A poem is triggered by the ‘framed’ still-life of horse-tack on a farm wall.
The poet reflects on the purposes it once served. The apparatus conjures up an equine absentee, perhaps the same horse as in Night Piece that described a child’s nightmare memory of the animal alive. Heaney’s elegiac piece reflects his compassionate nature only enhanced by distance in time and his sense of the irretrievable.
Before Heaney’s gaze hangs the forensic corroboration of the horse’s existence: evidence of once living saliva (green froth that lathered) its liquid form still evoked (shining bit) alongside the remnants of what the animal once chomped (cobweb of grass-dust).
Scanning and handling the items reveals the beast’s hard working life (sweaty twist of the bellyband), now both dead and of no further use (stiffened, cold in the hand). The eye pieces once worn still carry their protruding shape (pads of the blinkers bulge) against the background fabric (through the ticking).
The elements that controlled the animal in its labours (reins, chains and traces) hang now in limp disorder (droop in a tangle).
From the visual to less tangible considerations of smell: the living horse’s pungent odour died with the animal (hot reek is lost) no more now than a residual blend of dampness and mould built into the building’s fabric (place … old in his must).
The animal’s death came suddenly (he cleared in a hurry) – the animal passed on all but naked (clad only in shods) and, as if to suggest some human equivalence, left its private living space like a bed that had been slept in (stable unmade).
- froth: foamy residue down in this case to salivation;
- lather: produce a sweaty froth;
- bit: metal bar across an animal’s mouth attached to the bridle and used to control it;
- sweat: visible perspiration:
- twist: distortion;
- bellyband: leather strap used to attach a horse to the shafts of a cart
- stiffen: become rigid, lose flexibility;
- blinkers: pair of small screens attached to the bridle to prevent a horse from being distracted or startled
- bulge: swell, distend;
- ticking: cloth covering;
- reins: straps attached to the bit to guide or check a horse;
- traces: straps attaching the animal to the vehicle it is pulling;
- droop: hang limply;
- tangle: disordered cluster;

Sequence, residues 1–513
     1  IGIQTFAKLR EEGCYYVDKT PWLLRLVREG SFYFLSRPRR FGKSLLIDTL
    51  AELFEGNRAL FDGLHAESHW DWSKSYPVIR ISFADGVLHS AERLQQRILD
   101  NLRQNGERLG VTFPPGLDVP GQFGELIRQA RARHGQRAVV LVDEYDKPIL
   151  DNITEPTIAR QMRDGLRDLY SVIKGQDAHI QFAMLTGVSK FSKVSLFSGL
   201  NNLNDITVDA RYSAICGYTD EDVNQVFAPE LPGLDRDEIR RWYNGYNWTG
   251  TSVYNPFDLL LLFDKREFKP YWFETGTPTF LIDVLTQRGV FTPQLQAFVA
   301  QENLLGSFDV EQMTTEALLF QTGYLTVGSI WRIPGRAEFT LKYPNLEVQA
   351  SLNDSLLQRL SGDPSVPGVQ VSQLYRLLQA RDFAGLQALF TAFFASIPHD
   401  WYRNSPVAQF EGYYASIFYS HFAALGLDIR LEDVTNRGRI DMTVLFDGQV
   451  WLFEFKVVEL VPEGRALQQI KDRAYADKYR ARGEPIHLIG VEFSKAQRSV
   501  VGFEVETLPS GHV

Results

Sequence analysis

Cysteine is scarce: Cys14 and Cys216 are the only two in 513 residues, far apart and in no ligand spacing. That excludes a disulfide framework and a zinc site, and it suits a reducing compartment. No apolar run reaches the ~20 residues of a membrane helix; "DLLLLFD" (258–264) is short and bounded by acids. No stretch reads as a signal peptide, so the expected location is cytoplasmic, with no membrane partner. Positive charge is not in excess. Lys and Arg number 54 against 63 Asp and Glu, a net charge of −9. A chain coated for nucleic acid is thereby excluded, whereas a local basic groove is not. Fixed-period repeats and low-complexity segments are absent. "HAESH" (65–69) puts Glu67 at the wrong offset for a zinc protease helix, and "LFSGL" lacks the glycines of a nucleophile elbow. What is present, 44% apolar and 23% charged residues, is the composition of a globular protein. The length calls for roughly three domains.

- reek: strong unpleasant smell;
- must: damp, mouldy smell;
- shod: horseshoe;
- sonnet in six sentences (S) ; Heaney experiments with the form across his work – here the principle volta occurs after l. 9 as visual effects change to smells; a second after l. 11 lends an almost human dimension to the post-death memory; very variable line length between 5 and 9 syllables;
- unlike ‘classical’ sonnets Heaney does not set a tight rhyme pattern; there is a very loose combination of rhymes and alliterative or assonant effects;
- S1 switches from living liquid presence (‘froth, ‘lathered, ‘shining’) to remnants (‘cobweb’, ‘dust’); the then and the now are reflected in the tenses; enjambed sentence;
- S2 balances still-life visual remnants with snatches of the living horse – ‘sweaty becomes ‘stiffened’; eye-piece shape unchanged by time allows ‘bulge’ to accommodate the eyes of a horse distended by work-load;
- S3 (enjambed couplet) presents the paradox of proud items used in an orderly fashion to attach and controL the animal now disorderly in disuse;
- S4 and S5 (rhyming couplet) focus upon smells separated in time: ‘reek’ of short-lived pungency becomes ‘must’ of enduring reminder;
- S5 (fully enjambed triplet) adds something human to the process: euphemistic death ‘he cleared’; the horse’s nakedness; the image of the unmade bed;
- the relative balance between sentence length, punctuation marks and enjambed lines determines the flow and rhythm within the oral delivery potential;
- Heaney is a meticulous craftsman using combinations of vowel and consonant to form a poem that is something to be listened to.
- the music of the poem: ten assonant strands are woven into the text; Heaney places them grouped within specific areas to create internal rhymes , or reprises them at intervals or threads them through the text;
- syllables without highlight are largely the unstressed sound as in common, little [ə]
- alliterative effects allow pulses or beats, soothings or hissings or frictions of consonant sound to modify the assonant melodies; this is sonic engineering of the first order;
- a full breakdown of consonant sounds and where in the mouth they are formed is to be found in the Afterthoughts section;
- the final lines are dominated by alveolar plosives[t] [d], nasals [m] [n] and sibilants [s] [z] [sh] alongside front -of-mouth aspirates [h] and alveolar [l];